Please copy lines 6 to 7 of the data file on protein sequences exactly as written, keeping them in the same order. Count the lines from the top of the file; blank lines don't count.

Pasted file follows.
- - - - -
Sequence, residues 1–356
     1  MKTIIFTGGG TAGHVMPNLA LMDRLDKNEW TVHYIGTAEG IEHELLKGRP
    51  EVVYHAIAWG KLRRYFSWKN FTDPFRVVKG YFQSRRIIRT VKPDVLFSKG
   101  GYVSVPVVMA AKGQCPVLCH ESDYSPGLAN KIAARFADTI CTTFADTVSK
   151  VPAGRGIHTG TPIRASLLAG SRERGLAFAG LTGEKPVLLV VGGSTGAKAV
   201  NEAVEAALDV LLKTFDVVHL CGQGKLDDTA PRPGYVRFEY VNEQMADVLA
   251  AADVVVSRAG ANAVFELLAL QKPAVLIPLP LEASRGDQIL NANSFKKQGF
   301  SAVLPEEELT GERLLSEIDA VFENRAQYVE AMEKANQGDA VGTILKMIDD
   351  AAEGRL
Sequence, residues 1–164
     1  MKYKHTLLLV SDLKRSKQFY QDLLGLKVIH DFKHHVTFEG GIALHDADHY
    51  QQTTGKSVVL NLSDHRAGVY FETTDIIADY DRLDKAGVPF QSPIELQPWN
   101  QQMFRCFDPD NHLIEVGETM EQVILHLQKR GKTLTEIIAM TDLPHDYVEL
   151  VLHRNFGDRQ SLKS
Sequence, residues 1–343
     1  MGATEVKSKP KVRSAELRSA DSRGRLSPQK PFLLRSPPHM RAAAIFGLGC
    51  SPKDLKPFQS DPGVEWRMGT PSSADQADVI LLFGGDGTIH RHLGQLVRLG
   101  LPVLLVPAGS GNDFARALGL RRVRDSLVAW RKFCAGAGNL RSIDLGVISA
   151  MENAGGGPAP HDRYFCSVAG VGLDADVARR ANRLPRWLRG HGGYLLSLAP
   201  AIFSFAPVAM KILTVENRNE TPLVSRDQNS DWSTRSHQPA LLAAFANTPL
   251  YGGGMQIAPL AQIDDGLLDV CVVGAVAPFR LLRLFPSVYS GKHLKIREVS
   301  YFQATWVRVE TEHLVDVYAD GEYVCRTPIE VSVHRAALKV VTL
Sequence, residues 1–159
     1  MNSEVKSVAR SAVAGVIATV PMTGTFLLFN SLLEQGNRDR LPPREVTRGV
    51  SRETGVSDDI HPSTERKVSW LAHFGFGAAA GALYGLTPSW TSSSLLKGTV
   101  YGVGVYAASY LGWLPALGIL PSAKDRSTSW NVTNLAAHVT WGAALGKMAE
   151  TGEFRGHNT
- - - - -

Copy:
   201  NEAVEAALDV LLKTFDVVHL CGQGKLDDTA PRPGYVRFEY VNEQMADVLA
   251  AADVVVSRAG ANAVFELLAL QKPAVLIPLP LEASRGDQIL NANSFKKQGF